Homeless Janitor Accepted to Harvard University
Reminiscent of last week’s story about the homeless teen who is Harvard-bound this fall, 18-year-old Dawn Loggins did not have an easy life.
While the rest of her peers may be coasting through their senior year in high school, Loggins is making ends meet by working as a janitor after-hours in her school. Luckily for the smart teen, she has a chance to turn her life around, as she joins Harvard University this upcoming fall.
When she was growing up, Loggins’ parents neglected their kids and abused drugs. There were periods of time when the family didn’t have enough money for food. And more often than not, Loggins lived without power and water, forcing the teen to finish her homework by candlelight and fetch water from a nearby park. After a few years, her parents consistently abandoned Loggins and her brother, giving them no choice but to stay with their grandmother who also paid little attention to them.
“When I lived with my grandma,” Loggins recalled, “there was trash all over the house. She never really explained to me that it was important to shower–it was important to take care of your self, so I would go months at a time without showering. I would wear the same dress to school for months at a time.”
With consistent bullying and a precarious lifestyle, Loggins moved to three middle schools and four high schools before finally settling at Burns High. It was there that they realized her full potential. Guidance counselor Robyn Putnam helped the teen catch up with her schoolwork, as Loggins quickly became a straight A student and scored an amazing 2110 on her SATs.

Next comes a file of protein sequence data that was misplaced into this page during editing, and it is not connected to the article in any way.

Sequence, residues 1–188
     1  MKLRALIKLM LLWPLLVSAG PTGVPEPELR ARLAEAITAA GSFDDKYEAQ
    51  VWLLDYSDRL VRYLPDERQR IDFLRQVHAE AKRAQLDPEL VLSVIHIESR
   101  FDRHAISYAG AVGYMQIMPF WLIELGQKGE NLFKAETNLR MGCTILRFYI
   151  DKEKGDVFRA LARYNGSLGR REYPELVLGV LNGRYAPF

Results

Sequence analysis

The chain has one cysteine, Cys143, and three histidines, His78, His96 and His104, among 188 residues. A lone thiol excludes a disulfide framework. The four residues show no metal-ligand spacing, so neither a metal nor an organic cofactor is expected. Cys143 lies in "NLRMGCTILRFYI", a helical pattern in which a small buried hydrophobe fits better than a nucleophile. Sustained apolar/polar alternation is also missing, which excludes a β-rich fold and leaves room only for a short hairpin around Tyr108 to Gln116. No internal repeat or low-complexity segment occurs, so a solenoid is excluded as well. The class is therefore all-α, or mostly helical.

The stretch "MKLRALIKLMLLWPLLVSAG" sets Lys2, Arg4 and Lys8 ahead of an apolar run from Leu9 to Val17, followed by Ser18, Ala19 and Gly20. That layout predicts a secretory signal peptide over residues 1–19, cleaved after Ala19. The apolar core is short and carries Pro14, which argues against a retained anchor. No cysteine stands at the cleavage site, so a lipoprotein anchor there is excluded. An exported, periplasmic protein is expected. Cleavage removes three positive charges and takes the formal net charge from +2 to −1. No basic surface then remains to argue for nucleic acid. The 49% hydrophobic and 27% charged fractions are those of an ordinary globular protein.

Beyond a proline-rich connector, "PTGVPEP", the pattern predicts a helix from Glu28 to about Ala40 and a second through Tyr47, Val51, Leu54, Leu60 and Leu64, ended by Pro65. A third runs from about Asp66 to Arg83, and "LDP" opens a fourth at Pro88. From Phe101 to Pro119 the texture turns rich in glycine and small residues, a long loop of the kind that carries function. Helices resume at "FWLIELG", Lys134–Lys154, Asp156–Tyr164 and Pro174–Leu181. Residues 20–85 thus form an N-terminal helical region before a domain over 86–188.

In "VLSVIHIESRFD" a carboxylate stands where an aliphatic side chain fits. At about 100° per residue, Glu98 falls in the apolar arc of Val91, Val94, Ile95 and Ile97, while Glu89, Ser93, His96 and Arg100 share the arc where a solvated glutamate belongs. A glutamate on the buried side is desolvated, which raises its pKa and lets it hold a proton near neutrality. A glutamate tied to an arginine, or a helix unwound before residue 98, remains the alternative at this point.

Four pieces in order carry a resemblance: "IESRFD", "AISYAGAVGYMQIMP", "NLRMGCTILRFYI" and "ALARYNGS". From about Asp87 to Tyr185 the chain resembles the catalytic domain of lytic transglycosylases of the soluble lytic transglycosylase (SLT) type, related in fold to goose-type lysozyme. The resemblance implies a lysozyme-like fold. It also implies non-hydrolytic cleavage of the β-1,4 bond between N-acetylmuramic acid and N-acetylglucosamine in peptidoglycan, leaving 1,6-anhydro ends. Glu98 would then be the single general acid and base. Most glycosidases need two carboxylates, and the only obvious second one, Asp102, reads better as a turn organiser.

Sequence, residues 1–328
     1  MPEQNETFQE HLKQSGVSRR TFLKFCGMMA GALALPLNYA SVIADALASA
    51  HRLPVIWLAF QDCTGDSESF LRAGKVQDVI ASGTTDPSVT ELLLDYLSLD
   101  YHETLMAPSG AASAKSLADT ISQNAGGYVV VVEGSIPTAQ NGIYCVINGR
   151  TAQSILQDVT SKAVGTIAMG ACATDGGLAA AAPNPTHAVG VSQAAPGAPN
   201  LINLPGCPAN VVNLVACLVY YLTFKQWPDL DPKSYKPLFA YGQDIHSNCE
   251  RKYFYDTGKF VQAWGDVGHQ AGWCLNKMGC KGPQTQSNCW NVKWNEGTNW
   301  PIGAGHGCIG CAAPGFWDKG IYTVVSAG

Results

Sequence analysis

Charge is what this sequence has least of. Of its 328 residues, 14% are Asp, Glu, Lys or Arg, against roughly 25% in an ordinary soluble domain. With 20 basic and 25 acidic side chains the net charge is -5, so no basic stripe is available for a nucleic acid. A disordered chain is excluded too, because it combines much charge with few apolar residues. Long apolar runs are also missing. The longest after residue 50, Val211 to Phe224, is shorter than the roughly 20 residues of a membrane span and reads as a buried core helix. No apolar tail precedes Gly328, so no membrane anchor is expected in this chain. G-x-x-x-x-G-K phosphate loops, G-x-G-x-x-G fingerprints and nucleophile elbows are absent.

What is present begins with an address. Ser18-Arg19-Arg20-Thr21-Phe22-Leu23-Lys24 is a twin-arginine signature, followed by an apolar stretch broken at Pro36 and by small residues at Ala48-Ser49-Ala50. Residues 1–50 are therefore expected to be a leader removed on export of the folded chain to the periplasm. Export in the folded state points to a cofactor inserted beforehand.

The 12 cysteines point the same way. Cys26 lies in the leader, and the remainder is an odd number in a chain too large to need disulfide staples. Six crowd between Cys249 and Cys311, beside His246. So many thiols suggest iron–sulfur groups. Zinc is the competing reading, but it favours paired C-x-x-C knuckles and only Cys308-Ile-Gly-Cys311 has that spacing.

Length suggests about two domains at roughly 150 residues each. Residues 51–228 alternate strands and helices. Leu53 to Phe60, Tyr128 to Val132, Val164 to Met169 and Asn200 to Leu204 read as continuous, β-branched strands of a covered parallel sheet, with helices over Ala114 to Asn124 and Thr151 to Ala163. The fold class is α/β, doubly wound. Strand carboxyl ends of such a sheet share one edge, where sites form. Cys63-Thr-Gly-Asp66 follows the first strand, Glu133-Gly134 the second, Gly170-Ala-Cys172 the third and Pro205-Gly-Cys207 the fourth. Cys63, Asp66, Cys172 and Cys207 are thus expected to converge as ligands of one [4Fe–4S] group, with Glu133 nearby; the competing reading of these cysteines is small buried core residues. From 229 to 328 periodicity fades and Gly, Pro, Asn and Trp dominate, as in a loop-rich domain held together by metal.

In the middle of her improving performance in school, the teen discovered that her phone had been disconnected. To make matters worse, her parents had dropped her grandmother off at a homeless shelter while her older brother Shane lived with friends. She was officially homeless.
“I realized I was getting nowhere calling my parents,” she tells Star. “What was I going to do? Cry about it?”
Fortunately, the community rallied behind her as she movied in with Sheryl Kolton who works as a bus driver at the school. The faculty and staff also helped out financially and offered Loggins the job as the school janitor.
With all their support, Loggins applied to various colleges, as well as her dream school: Harvard. “I just made a decision that I was not going to end up like my parents,” the teen said.
Upon receiving the thin envelope and expecting a rejection, Loggins was shocked by the contents of the letter from Harvard.
“Dear Ms. Loggins,” she read the letter. “I am delighted to report that the Admissions Committee has asked me to inform you that you will be admitted to the Harvard College class of 2016. We send such an early positive indication only to outstanding applicants.”
As Loggins goes on to finally turn her life around, she leaves with one advice for all the teens out there: “If there is anybody at all who has a dream, then they can definitely make it happen. There are no excuses. It depends on you and no one else.”